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July 8, 1983


The opinion of the court was delivered by: Grady, District Judge.


This is an age, race and handicap discrimination action brought under Title VII of the Civil Rights Act of 1964, 42 U.S.C. § 2000e et seq., the Age Discrimination in Employment Act, 29 U.S.C. § 621 et seq., the Rehabilitation Act of 1973, 29 U.S.C. § 701 et seq., and the Civil War statutes, 42 U.S.C. § 1981 and 1983. Defendants have brought a motion to dismiss parts of the complaint. We grant that motion in part and deny it in part.


On a motion to dismiss, we accept the facts as stated in plaintiff's complaint. We summarize the facts relevant to this motion.

Plaintiff is a black person and is blind in one eye. At the time his complaint was filed, he was 50 years of age. Plaintiff was an employee of the City of Naperville, Illinois (the "City") from July 1978 to August 8, 1981, when he was discharged. Plaintiff alleges that although he was a competent employee, he was the target of racial slurs by one or more of the defendants who questioned his abilities and intelligence as a black person in a management position. He alleges that the City had a clear preference for hiring younger, less experienced, non-handicapped white people for data processing and management positions. At the time of his discharge, according to plaintiff, the City employed no other black managers and only four of the City's 400 employees were black. Plaintiff alleges that he was replaced by a young, less-experienced, non-handicapped white male.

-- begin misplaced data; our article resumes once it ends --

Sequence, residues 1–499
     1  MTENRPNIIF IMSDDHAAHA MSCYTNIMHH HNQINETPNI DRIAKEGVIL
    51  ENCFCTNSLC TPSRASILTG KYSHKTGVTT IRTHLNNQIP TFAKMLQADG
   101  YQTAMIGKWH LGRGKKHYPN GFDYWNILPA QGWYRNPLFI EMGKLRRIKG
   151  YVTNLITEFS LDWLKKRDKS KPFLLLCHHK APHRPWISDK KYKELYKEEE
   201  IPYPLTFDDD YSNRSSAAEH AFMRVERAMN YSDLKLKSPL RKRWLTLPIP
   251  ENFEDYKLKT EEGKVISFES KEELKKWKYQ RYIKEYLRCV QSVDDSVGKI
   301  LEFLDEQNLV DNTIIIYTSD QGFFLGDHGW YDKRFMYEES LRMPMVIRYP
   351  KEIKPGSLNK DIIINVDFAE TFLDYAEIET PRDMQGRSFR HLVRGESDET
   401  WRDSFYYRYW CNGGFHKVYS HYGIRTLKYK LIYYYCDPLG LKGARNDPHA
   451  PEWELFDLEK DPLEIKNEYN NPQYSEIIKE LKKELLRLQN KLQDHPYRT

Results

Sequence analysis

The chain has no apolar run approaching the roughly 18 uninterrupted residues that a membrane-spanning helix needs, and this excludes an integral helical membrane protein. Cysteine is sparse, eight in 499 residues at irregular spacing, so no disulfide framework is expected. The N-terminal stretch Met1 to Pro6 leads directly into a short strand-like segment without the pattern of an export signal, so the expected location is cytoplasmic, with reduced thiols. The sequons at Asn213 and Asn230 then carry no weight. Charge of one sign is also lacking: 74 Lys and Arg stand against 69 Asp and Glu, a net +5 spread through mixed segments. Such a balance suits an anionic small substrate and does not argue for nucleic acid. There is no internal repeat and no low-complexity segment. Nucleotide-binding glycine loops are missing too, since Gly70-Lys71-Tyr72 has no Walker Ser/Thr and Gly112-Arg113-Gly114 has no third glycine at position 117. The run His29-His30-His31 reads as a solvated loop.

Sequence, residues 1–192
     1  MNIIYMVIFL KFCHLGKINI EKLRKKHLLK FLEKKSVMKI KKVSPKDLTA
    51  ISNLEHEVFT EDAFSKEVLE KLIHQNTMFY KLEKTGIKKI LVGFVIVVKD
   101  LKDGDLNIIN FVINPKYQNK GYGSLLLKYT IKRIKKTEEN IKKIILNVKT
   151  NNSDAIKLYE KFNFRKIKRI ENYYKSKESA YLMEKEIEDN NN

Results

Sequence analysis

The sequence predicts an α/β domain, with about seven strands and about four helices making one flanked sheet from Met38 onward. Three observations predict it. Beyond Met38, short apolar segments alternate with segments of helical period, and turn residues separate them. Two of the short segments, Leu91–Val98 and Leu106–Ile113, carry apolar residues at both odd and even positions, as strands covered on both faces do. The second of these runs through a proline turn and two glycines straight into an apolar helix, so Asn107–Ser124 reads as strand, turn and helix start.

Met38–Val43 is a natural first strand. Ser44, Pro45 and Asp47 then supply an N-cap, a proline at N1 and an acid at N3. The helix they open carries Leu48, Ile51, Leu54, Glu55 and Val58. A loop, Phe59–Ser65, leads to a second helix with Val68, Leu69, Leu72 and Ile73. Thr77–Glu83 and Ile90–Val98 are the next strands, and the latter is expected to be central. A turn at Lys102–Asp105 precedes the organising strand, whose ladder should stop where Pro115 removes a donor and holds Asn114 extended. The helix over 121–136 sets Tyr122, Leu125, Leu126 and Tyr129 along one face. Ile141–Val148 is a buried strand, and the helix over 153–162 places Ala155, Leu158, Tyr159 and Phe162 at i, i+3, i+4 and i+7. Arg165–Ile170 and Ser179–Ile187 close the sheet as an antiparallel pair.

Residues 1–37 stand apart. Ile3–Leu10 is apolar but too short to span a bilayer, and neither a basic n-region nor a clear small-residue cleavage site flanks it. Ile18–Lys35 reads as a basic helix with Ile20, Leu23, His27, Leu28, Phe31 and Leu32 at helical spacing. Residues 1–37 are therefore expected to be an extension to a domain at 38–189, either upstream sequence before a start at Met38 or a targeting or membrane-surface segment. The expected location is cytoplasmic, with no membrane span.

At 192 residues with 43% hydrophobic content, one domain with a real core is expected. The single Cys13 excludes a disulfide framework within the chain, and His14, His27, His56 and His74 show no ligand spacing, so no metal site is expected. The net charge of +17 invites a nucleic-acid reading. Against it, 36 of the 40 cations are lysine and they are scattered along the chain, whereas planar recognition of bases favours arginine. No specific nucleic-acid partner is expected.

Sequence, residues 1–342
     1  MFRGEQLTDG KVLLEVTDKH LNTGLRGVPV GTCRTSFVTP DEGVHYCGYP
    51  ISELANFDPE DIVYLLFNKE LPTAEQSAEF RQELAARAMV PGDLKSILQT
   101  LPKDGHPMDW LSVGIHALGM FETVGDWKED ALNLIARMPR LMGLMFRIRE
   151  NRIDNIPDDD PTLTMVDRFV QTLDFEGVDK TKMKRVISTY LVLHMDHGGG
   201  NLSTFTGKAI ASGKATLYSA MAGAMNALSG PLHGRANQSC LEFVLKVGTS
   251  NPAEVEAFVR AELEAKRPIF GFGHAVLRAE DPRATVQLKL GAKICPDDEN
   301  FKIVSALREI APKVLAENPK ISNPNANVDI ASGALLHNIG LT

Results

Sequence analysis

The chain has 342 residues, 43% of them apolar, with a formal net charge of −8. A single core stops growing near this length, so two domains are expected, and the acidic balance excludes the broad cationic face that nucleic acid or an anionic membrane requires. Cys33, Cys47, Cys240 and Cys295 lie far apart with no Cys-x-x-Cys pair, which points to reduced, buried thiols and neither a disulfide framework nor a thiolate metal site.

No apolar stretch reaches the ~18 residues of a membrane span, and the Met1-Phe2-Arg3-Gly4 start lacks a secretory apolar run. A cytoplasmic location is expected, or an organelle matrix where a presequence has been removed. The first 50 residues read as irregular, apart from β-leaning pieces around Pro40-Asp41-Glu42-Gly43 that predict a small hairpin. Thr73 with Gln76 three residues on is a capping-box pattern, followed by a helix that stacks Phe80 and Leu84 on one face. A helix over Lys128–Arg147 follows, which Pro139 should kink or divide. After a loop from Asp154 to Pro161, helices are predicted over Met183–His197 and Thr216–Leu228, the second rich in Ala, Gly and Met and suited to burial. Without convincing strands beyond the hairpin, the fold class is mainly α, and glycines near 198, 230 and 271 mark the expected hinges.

Plaintiff also alleges that his discharge was in violation of the City personnel code, which provided that disciplined employees must be notified of the cause for their discipline, notified that they may appeal the actions to a personnel review board, and must first be suspended before being terminated. According to the complaint, the City did not follow any of these procedures in terminating plaintiff but rather told him only that "recent events" demonstrated his "less than satisfactory" management. Further, plaintiff alleges that his request for an explanation was denied and that he was denied the opportunity to appeal his termination to the personnel review board.

Finally, plaintiff alleges that "much after" his discharge, defendants sent to the Equal Employment Opportunity Commission, and to an attorney plaintiff was trying to retain, a letter which raised "false, spurious, suspect and professionally damaging statements about plaintiff's job performance." Plaintiff alleges that these statements were made pretextually in an effort to justify his termination. The letter alleged falsely imputed sexual misconduct to plaintiff. Plaintiff also alleges, in a separate count, that the City later made several defamatory, false and misleading statements with reckless disregard for the truth, which constituted the foundation of several newspaper articles regarding plaintiff's discharge. According to plaintiff, the letter and the latter statements damaged his reputation both personally and professionally.